Thirty-five years ago, 25-year-old PhD student Alistair Hodge was about to run out of the money needed to fund his studies when he came up with the idea of using some of his research to write a short booklet on the history of Preston, where he lived.
He printed 2,000 copies, which he delivered to booksellers on his bicycle. Such was the gap in the market that the entire run sold out within two weeks. Reprints followed, then a second booklet on the picturesque village of Ribchester. It became clear to Hodge that a decision had to be made: to continue study, or ride the publishing wave. He chose the latter, and Carnegie Publishing was born.
“It’s been an extremely varied and satisfying 35 years,” says current m.d. Anna Goddard (pictured), who “fell into publishing” after meeting Hodge and offering to help out with the press. “Over the years, I can honestly say I have done absolutely everything at Carnegie at one time or another, from packing books to commissioning, and I think this has been invaluable in enabling me to really appreciate and understand the bigger picture.”
Carnegie, which is now based in Lancaster, has three imprints which are all connected with history: the first, Carnegie Publishing, is for county, city and town histories; Palatine Books is for more local history/interest titles, embracing heritage, walking and folklore; and the third is Crucible Books, for industrial and business history.
The publisher’s recent successes include the “big, beautiful“ A History of Norfolk, and quirky title Gin, Cake and Rucksacks, which is a madcap walk from distillery to distillery in the Lake District.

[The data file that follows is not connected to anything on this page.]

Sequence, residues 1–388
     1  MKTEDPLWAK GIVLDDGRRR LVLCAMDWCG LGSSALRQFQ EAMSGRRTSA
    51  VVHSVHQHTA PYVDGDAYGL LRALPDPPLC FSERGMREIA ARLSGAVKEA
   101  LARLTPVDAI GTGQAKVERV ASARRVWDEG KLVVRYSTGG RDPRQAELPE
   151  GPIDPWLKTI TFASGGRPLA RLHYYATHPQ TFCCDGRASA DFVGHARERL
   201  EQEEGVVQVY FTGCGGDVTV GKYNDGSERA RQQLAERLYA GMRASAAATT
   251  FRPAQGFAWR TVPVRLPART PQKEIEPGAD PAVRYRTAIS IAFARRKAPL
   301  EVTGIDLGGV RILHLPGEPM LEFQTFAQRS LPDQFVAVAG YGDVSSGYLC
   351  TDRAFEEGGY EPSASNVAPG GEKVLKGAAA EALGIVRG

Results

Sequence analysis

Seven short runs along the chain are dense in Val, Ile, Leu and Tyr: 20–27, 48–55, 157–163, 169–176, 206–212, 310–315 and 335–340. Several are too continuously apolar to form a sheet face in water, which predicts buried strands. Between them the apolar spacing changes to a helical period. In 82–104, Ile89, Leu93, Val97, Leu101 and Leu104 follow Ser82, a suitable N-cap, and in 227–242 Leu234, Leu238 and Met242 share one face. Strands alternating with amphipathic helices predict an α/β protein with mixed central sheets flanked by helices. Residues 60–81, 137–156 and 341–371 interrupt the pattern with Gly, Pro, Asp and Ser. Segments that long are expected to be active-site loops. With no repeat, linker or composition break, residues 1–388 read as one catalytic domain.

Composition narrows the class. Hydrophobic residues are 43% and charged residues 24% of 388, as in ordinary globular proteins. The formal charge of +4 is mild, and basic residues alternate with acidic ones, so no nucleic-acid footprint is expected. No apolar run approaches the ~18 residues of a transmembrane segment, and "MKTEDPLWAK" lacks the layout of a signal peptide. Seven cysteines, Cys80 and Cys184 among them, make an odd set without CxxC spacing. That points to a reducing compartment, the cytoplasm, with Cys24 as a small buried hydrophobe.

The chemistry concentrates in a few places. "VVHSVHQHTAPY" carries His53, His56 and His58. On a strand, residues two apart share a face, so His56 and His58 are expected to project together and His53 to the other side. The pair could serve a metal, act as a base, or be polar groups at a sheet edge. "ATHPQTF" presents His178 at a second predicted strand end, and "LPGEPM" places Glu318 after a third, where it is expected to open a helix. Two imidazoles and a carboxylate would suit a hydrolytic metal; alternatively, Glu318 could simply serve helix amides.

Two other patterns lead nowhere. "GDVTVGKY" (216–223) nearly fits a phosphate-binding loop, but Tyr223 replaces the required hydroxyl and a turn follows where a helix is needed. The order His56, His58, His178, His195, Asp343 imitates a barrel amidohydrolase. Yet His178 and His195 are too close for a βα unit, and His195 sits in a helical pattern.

A broad church
A pivotal moment in the press’ history came around 20 years ago, when it began to offer comprehensive book design and production services to other publishers, organisations and individuals. “We made the decision quite early on in our history to bring all pre-press work for our books in house, for quality reasons, so we have amassed a wealth of skill and experience in all aspects of book production, as well as having an excellent first-hand understanding of publishing, to offer to our clients”, says Goddard. “We have been able to grow this side of the business, meaning that we have more than one string to our bow.”
As for struggles, Goddard says: “Probably the most difficult times have been in the recessions we’ve weathered, the first of which—in the 1990s—caused the collapse of our book distributor, who went into liquidation owing us a huge amount of money. We lost thousands of books, too. It nearly sank us. But we’re pretty determined, and because we are not a big company we can be fleet of foot and adapt, which we did.”
Despite the challenges Goddard cites—including heavy discounting, high production costs and increased competition from other publishers—she concludes that “the opportunities to publish and sell books in non-conventional ways have increased hugely, and if you can think sideways there are ways to succeed”.
This was written as part of The Bookseller's focus on publishing in the north of England; for more content from this focus, head here.
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